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The 2016 PwC/Property Council Retirement Census, the largest annual snapshot of data and trends in the retirement living sector, has confirmed strong rates of occupancy and a continuing shift to an older resident.
This year’s Census, which is comprised of data provided by operators of more than 53,000 retirement and independent living units across Australia, found the average age of new residents has risen to 75 (from 74 last year), while the average age of current residents is 80.
Australian retirement villages now have a 92 per cent occupancy rate, showcasing the growing popularity of retirement living among Australia’s senior population.
“What we can see from the research is that retirement villages can extend the independence and quality of life of their residents,” says Ken Morrison, Chief Executive of the Property Council of Australia.
“The 2016 PwC/Property Council Retirement Census indicates retirement villages are growing in popularity and are an affordable downsizing proposition that provide real lifestyle and health benefits to residents.
“According to the Retirement Census, the average two-bedroom unit is priced at 67 per cent of the median house price in the same postcode. This enables older Australians to make the move while ensuring they also have cash on hand for their health and lifestyle needs.
“The Census does indicate some challenges ahead for the sector though, with assistance needed from policy makers and governments to ensure there remains sufficient seniors housing available.
“One of the challenges is to ensure we get attractive seniors housing in all parts of our major cities, and not just on the urban fringe. This is vital so that residents can live close to their communities and families.
“As well, the average village age is 24 years old, and many villages are approaching a stage where significant redevelopment will be required.”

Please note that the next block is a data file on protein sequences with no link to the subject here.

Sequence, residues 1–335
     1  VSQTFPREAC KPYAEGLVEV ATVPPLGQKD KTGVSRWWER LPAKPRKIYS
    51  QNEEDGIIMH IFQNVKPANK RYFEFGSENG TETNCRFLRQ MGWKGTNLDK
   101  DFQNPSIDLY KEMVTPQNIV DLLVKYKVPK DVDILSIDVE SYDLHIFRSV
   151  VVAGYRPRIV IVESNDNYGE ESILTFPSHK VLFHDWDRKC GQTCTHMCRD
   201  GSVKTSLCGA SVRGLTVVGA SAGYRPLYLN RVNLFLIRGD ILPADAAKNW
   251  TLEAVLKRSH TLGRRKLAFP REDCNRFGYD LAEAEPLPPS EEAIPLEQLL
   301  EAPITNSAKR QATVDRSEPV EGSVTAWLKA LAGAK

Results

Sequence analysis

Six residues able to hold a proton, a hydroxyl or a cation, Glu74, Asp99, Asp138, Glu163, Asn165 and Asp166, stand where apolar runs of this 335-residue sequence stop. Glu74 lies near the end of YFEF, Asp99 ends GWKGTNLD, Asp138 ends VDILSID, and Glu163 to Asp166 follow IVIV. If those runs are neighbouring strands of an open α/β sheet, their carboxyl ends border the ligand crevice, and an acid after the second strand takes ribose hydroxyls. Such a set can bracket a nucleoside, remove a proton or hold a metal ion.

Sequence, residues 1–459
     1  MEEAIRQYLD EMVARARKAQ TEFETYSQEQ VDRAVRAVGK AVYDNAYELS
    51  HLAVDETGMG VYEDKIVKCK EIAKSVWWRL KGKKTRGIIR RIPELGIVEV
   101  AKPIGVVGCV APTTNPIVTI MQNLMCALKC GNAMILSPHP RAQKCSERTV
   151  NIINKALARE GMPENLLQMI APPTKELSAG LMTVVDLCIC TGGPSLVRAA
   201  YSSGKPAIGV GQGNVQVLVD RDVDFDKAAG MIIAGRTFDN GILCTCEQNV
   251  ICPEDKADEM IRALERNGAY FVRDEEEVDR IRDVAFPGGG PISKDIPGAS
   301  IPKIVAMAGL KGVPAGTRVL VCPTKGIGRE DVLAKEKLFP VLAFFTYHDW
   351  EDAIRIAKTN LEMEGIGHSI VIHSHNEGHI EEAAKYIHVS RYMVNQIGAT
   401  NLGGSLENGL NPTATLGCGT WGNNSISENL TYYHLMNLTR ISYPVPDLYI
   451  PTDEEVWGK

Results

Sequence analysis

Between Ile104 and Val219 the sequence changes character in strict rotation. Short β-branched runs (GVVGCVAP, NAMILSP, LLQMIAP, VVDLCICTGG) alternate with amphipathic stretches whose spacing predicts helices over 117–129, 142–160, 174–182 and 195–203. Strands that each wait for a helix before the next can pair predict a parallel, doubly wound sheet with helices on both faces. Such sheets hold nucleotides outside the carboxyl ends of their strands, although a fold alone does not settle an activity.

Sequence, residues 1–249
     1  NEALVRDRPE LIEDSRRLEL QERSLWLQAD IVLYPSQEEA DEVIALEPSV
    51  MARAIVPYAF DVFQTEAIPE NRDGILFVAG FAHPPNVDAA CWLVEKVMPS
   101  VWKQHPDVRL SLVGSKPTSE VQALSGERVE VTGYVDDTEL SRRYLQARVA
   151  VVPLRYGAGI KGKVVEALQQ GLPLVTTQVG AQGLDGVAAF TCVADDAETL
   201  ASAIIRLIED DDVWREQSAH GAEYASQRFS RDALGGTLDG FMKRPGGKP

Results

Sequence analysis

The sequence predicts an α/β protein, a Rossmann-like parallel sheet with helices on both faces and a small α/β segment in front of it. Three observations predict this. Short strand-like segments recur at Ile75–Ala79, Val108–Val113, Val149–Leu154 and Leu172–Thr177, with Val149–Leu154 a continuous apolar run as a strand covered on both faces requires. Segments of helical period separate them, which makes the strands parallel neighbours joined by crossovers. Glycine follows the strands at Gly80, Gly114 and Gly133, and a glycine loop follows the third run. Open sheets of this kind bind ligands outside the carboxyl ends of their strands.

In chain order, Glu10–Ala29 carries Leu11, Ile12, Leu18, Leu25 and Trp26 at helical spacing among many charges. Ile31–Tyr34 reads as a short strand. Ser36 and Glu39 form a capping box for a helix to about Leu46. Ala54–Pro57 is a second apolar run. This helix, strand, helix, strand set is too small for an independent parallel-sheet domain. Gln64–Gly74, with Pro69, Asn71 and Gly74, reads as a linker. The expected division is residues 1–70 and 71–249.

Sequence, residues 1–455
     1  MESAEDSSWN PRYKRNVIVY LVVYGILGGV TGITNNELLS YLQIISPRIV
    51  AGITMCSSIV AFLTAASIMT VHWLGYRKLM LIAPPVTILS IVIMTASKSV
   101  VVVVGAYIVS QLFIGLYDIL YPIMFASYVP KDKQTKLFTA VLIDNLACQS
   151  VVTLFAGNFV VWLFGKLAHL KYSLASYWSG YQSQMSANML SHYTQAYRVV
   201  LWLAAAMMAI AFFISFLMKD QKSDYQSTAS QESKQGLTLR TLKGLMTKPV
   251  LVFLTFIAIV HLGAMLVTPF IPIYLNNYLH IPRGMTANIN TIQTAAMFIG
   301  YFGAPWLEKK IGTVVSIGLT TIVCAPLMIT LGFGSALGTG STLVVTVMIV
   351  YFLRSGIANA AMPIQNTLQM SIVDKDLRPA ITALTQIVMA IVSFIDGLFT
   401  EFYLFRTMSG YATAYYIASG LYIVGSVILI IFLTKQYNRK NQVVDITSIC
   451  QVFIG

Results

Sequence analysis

Other findings from the 2016 PwC/Property Council Retirement Census include:
- 65 per cent of village residents are female, while 60 per cent of units are occupied by single residents with 40 per cent occupied by couples;
- The average current tenure of residents is 7 years;
- The average monthly service fee charged by village operators is $409 (less than a quarter of the full base age pension for singles);
- The average cost of a two-bedroom retirement village unit is $398,000, up from $385,000 last year;
- 26 per cent of villages reported co-located aged care or aged care within 500 metres of the village.
PwC Real Estate Advisory Partner Tony Massaro says, “We are pleased to see increasing industry support going into the third year of the Census. The information that we collect and publish continues to enable current owners to successfully benchmark their business performance against multiple critical success factors.
“Another benefit of the Census is that it supports new stakeholders and policymakers with high quality information, helping them to understand the industry with better clarity,” Mr Massaro added.
The Property Council urged governments at all levels to take notice of the Census results and factor it into their planning for the growth of the senior population.
“Retirement villages support the desire of older Australians to remain independent and active for as long as they possibly can. They provide a service that doesn’t just help residents but their families as well,” says Mr Morrison.
“Growing old is never easy – often compounded by the loss of mobility and the loss of loved ones and friends. Retirement villages play a vital role in supporting residents physically and emotionally.”